Who knows why Luke strung together the sayings that he did, why he chose them, and why he put them in the order he decided? The verses from 12:54-13:5 seem to form a progression. Luke’s Jesus starts with another example of his frustration with his followers. “You phonies!” he yells, “You know the lay of the land and can read the face of the sky, so why don’t you know how to interpret the present time?” He follows that with what seems to be a clarification: “Why can’t you decide for yourselves what is right?” He finishes with a warning that is pure Luke: “. . . If you don’t have a change of heart, you’ll all meet your doom in the same way [as those Galilean sinners who had their own blood mixed with the Roman sacrifices, or the Siloamians who had the tower fall on them]. In other words, “Repent or Perish!” Luke made up both the incident of apparent cannibalism perpetrated by Pilate, and the accident that killed 18 workers in Siloam.
The Elves fudge the non sequiturs by dividing this portion between Proper 15 and the third Sunday in Lent, Year C. (We will deal with Luke’s version of the parable of the fig tree next week.)
Christian tradition has interpreted these passages as apocalyptic warnings. If they were – if Luke intended them to be – then the parable of the fig tree could arguably be included. The Jesus Seminar scholars generally agree that the advice to settle matters out of court and the parable of the fig tree may go back to the historical Jesus. But they were not necessarily associated with one another. Luke (and the other evangelists) and his community were apocalyptic thinkers. They expected a final judgment, with rewards and punishments, before Jesus would return again to establish God’s kingdom. Present-day scholars argue among themselves about whether or not Jesus himself was apocalyptic. Nor would they agree that the sayings have anything to do with one another.
This blog is taking the liberty of reading another meaning into these passages. That is the only way they can even begin to be useful to 21st century followers who do not believe in a coming non-environmental apocalypse, nor in an afterlife of punishment/reward, nor in the return of Jesus literally from the sky to establish any kind of permanent kingdom on earth. Taking the readings at face value, and from a 21st century point of view, is of course anathema to scholars. But if Luke could do it in the 1st century, we can do it now.
Despite right-wing largely Christian denial, scientists are reaching consensus on the fact of global climate change. It is happening now, and it is irreversible. The task for humanity is to learn how to cope with the inevitable. But what do we hear from self-described “progressive” Christianity? A Google search brings up arguments from the right against global warming, but very little from the left in main stream, presumably “liberal” Christian denominations on how to deal with it. Indeed the silence is deafening regarding so-called “clean coal” technology, cap and trade legislation, mountaintop removal mining, off-shore oil drilling, support for alternative energy resources . . . in short, the Christian “main stream” has nothing to say. The 21st century equivalent to the fictional Siloamians whose tower fell on them might be the 29 miners who died in Massey Energy’s Upper Big Branch mine back in April. What mainline Christian church is going to preach against the continued use of coal and the continued rape of the mountains of Appalachia?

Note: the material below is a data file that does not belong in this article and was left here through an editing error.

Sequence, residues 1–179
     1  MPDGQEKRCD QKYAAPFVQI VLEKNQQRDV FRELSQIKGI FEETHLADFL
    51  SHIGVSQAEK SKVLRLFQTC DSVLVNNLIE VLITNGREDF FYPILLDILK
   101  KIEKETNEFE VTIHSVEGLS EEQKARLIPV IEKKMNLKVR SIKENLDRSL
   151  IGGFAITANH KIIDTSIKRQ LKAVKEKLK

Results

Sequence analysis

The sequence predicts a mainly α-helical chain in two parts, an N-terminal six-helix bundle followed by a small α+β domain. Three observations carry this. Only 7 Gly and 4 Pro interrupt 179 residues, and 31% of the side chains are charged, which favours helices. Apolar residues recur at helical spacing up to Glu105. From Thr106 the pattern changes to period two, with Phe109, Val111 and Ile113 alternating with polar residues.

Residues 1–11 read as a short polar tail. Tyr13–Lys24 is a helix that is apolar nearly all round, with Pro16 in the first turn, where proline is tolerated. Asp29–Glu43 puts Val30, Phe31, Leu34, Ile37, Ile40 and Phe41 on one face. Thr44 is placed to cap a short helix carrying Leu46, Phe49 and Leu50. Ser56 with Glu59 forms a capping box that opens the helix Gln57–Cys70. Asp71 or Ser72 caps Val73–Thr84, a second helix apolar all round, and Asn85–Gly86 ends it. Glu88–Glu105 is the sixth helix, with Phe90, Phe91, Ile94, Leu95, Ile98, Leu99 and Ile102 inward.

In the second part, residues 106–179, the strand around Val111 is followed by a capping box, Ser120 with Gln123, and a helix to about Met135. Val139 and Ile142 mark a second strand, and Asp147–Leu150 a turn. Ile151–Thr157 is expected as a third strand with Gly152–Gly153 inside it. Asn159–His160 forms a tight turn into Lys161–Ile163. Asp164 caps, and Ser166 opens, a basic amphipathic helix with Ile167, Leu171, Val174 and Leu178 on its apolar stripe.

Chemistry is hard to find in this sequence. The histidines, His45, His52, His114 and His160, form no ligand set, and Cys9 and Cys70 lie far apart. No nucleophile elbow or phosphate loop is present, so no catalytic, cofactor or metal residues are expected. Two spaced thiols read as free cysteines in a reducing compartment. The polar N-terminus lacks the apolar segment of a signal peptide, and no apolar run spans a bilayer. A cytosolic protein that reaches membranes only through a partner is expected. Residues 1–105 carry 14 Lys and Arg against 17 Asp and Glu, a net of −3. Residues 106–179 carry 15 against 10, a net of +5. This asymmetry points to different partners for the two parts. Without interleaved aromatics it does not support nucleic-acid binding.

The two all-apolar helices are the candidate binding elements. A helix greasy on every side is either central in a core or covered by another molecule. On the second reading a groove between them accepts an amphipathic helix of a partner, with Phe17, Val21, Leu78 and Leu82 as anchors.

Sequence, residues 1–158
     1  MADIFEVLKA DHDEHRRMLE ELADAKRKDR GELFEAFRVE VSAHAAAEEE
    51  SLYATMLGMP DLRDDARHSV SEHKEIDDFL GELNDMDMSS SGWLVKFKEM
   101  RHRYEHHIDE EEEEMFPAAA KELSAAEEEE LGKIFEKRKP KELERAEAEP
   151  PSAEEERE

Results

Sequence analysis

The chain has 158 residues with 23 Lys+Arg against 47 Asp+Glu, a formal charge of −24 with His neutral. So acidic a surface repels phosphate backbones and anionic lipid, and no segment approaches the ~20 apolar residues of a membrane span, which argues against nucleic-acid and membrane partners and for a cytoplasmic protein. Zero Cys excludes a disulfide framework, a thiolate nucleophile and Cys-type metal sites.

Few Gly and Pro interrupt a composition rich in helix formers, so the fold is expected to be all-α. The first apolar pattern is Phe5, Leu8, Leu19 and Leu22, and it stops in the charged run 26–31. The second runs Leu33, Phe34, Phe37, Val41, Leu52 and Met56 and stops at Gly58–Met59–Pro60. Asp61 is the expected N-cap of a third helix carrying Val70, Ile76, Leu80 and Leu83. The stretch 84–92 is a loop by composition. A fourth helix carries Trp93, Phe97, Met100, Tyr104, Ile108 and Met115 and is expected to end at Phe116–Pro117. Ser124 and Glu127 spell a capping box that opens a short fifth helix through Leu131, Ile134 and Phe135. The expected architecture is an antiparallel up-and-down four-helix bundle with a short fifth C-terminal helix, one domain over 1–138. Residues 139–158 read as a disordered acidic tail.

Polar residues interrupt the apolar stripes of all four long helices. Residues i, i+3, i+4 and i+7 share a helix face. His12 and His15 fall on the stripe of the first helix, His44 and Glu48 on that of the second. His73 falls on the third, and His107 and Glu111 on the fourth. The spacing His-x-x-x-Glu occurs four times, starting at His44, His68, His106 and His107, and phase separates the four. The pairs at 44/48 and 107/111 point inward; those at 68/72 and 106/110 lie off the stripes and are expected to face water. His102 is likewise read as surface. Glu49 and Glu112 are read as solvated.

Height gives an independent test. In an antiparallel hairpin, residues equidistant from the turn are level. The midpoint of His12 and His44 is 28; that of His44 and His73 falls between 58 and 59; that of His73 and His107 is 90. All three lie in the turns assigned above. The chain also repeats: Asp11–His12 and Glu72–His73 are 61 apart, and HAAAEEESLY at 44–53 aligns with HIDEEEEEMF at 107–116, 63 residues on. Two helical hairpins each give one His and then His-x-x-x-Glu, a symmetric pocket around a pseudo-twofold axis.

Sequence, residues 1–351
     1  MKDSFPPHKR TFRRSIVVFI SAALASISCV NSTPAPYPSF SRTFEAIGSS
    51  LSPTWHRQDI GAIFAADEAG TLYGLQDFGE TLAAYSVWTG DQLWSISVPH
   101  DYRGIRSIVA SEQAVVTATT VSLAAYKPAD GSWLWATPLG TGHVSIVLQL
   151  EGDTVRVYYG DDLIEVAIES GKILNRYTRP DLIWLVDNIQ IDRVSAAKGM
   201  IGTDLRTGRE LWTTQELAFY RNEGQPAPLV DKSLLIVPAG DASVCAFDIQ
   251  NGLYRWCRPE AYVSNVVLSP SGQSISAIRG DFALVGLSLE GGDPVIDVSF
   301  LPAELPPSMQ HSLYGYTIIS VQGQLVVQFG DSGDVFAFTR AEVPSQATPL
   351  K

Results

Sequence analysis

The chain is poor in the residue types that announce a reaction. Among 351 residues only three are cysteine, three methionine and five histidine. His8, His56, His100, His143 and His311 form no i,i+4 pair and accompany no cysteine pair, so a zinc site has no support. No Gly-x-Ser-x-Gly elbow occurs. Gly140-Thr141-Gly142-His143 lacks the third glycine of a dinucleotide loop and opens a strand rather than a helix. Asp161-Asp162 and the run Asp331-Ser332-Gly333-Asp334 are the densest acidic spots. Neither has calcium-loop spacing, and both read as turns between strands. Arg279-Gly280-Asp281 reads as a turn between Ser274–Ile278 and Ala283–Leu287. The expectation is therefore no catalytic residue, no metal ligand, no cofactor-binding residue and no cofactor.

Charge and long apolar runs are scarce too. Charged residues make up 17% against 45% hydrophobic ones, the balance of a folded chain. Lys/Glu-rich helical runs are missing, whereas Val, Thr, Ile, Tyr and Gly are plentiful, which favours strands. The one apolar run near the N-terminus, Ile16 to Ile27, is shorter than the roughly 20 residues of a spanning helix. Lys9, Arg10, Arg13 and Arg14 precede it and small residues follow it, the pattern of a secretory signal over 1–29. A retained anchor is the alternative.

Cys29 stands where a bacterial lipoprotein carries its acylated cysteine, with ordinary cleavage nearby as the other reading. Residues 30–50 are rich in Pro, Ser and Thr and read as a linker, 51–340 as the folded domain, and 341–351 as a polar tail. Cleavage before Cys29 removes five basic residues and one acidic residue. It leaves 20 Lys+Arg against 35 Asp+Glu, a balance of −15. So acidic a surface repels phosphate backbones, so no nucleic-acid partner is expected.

Jesus’ words echo down the canyons of the millennia: “You phonies! You know the lay of the land and can read the face of the sky, so why don’t you know how to interpret the present time?” But who is listening? Bob Dylan screamed a warning in the 1960s that the political times were changing. But now the very web of life that sustains humanity is changing, and the churches are saying and doing nothing.
Repent or perish! Luke’s Jesus says. That means, Change or die. But the change that Christian tradition has insisted upon is accepting as provable fact that Jesus was crucified to save us from “sin”; that he walked out of the tomb and vanished in the general direction of Antares, with the promise that he would return; and unless we turn away from personal petty sin, when Jesus comes back, we won’t be part of the kingdom.
Luke may have shrouded the radicality of Jesus’ message with his emphasis on the wealthy, but the opposition to the normalcy of Roman imperial theology is clear for those with eyes to see. From Mary’s Song (Luke 1:46-56) to the resurrection and appearances of Jesus, the Roman empire (and all empires, whether governmental or corporate) has been put on notice. Repent or perish. Establish systems of justice or face the consequences.
Today, the establishment of systems of justice must be economic, social, political, and ecological. Otherwise, as Isaiah said of old, “. . . the Lord comes out from his place to punish the inhabitants of the earth for their iniquity; the earth will disclose the blood shed on it, and will no longer cover its slain” (Is. 26:20-21). Sure enough, the oceans are rising, the glaciers are melting, whole species are disappearing daily, and human babies are born already alergic to the Planet. No lightening bolts are required from some grandfather almighty in the sky. There are definite consequences for polluting the waters with oil, destroying the mountains for gold and coal, and hiding government malfeasance behind a screen called “national security.”
Repent or perish.